Regional breakdown of German losses

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Oswald Mosley
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Regional breakdown of German losses

Post by Oswald Mosley » 27 Jul 2002 18:12

I'm very curious to know which parts of Germany suffered more or less than others; in other words a regional breakdown of war casualties, to cover both military and civilian losses.

I'm pretty sure that East Prussia/Danzig must have borne the highest losses after the brutal Soviet reprisals of 1945. I remember reading that 20% of that region's population perished in or as a consequnce of the conflict.
Most areas of eastern German will also have suffered very badly.

As for the less hard hit areas, possibly Bavaria and western Austria and also Schleswig-Holstein. Just my educated guesses.

If anybody has solid information, please post it here - thanks.

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Wolfkin
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Post by Wolfkin » 28 Jul 2002 07:42

Yo dude!!!

I dunno if this will help y'all, but it might be good for a start!!!

http://www.skalman.nu/third-reich/statistics.htm

Go down to military losses and click on anything there. Especially losses by region!

It only shows military losses, though, and I think you are after civilian??? This is all I can find for now.

Cheers dude!!!

Wolfkin

Oswald Mosley
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Post by Oswald Mosley » 31 Jul 2002 00:20

Thanks. However, I am also interested in breakdowns for civilian losses.

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Steve
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Post by Steve » 04 Aug 2002 14:11

I have come across figures of 500,000 dead from allied bombing, as the dead from Hamburg and Dresden would ammount to 100,000 this may be accurate but seems high to me. In the Soviet winter offensive of 45 that cleared East Prussia - Pomerania - Silesia 1,600,000 civilian dead is given by a German writer. In the final Soviet offensive from the Oder to Berlin the Soviets estimated civilian casualties at 100,000. I would treat most casualty figures with a pinch of salt as the further away from the war we get the more they seem to go up.

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Juha Hujanen
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Post by Juha Hujanen » 04 Aug 2002 16:09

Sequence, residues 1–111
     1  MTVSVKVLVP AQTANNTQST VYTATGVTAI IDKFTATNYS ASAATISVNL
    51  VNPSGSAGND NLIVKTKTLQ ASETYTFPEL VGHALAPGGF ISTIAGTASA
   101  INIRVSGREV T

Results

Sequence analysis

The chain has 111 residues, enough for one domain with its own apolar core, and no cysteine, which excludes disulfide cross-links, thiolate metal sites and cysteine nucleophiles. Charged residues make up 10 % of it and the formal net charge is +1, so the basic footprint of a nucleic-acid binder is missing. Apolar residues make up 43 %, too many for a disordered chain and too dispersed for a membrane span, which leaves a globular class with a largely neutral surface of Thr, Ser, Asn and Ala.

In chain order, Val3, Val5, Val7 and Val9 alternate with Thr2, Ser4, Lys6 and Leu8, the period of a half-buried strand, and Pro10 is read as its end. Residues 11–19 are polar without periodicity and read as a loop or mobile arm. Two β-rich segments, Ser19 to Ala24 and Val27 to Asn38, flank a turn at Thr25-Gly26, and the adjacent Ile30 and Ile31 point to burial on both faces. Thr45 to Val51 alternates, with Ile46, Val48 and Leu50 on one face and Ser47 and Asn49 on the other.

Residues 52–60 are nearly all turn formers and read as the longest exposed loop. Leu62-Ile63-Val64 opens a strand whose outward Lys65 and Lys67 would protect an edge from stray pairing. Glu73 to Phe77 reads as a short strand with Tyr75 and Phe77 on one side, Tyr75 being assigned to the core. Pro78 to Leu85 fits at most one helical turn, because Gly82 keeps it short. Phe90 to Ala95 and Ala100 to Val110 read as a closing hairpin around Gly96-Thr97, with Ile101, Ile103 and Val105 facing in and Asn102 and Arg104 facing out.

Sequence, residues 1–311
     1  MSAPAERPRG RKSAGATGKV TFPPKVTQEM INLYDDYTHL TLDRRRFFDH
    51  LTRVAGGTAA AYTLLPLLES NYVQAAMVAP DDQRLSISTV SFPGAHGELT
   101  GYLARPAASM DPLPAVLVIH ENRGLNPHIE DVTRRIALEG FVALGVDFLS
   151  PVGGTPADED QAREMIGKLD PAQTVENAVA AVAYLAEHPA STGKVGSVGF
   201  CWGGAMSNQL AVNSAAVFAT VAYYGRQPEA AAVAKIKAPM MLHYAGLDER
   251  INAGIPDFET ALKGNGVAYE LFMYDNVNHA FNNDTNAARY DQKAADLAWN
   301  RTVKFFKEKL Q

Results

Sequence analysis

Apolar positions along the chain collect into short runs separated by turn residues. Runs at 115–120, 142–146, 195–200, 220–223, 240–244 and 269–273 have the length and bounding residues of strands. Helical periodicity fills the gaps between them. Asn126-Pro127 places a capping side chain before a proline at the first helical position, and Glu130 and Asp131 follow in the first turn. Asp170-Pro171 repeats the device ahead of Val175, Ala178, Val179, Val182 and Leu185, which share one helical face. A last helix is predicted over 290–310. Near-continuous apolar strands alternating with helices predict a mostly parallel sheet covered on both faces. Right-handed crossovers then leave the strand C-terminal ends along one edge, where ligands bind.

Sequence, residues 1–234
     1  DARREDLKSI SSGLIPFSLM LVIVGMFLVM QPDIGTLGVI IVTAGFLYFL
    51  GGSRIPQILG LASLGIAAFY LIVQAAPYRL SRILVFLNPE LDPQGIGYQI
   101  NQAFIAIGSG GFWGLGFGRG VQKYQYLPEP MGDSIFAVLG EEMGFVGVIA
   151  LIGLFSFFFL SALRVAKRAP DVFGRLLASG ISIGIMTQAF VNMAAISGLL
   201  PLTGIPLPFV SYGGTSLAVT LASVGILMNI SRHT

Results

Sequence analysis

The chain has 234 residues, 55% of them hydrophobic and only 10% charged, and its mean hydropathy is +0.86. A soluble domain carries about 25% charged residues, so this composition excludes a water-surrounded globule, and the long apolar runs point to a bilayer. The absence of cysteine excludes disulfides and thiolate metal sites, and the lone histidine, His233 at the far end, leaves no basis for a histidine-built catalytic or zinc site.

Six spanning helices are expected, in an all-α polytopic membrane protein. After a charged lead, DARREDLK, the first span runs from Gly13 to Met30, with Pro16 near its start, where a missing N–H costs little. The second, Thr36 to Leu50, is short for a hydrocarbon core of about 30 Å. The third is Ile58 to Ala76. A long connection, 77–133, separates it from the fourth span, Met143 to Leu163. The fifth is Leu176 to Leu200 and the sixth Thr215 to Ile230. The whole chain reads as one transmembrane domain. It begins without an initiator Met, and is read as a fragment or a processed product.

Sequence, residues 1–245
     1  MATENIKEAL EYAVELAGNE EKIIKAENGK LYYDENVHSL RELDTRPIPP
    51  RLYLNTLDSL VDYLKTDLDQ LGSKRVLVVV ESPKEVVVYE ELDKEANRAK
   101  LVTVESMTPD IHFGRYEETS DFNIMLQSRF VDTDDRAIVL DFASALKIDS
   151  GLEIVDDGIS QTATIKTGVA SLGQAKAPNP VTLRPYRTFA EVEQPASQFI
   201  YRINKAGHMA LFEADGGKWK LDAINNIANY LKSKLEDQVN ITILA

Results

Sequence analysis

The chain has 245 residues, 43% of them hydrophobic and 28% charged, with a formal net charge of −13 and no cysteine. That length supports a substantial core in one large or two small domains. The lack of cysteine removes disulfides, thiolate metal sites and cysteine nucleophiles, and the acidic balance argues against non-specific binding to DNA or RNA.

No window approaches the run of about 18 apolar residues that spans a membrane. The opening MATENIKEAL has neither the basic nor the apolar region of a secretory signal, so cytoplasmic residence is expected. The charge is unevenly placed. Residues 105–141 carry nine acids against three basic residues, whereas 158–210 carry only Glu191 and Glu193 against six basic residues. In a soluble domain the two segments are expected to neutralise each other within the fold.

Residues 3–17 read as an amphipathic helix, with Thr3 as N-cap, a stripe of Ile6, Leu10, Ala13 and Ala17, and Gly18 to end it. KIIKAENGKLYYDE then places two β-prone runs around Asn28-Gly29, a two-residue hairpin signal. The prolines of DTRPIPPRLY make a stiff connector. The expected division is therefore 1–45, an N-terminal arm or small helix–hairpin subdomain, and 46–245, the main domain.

In Hamburg 55000 people were killed in bombings,in various fronts 62856 soldiers from Hamburg were also killed.

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Roberto
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Post by Roberto » 05 Aug 2002 13:16

Steve wrote:I have come across figures of 500,000 dead from allied bombing, as the dead from Hamburg and Dresden would ammount to 100,000 this may be accurate but seems high to me. In the Soviet winter offensive of 45 that cleared East Prussia - Pomerania - Silesia 1,600,000 civilian dead is given by a German writer. In the final Soviet offensive from the Oder to Berlin the Soviets estimated civilian casualties at 100,000. I would treat most casualty figures with a pinch of salt as the further away from the war we get the more they seem to go up.


I translated the following from an article published in a recent special feature of the German news magazine Der Spiegel about the flight and expulsion of Germans from the East:

When the Federal Archives in the mid-1970s evaluated the reports of witnesses, the scientists counted around 3,300 so called crime sites east of the Oder and Neiße where German civilians had been beaten to death or shot, raped to death or burned alive. The Federal Archives concluded that at least 120,000 Germans had died on the flight.
How many people in total fell victim to flight and expulsion has not been clarified. In the 1950s the Federal Statistics Bureau simply estimated the number of Germans who before 1945 had lived east of the Oder and Neiße and therefrom deducted the number of those who after the war were living in the German Federal Republic, Austria or the German Democratic Republic. The difference was more than two million.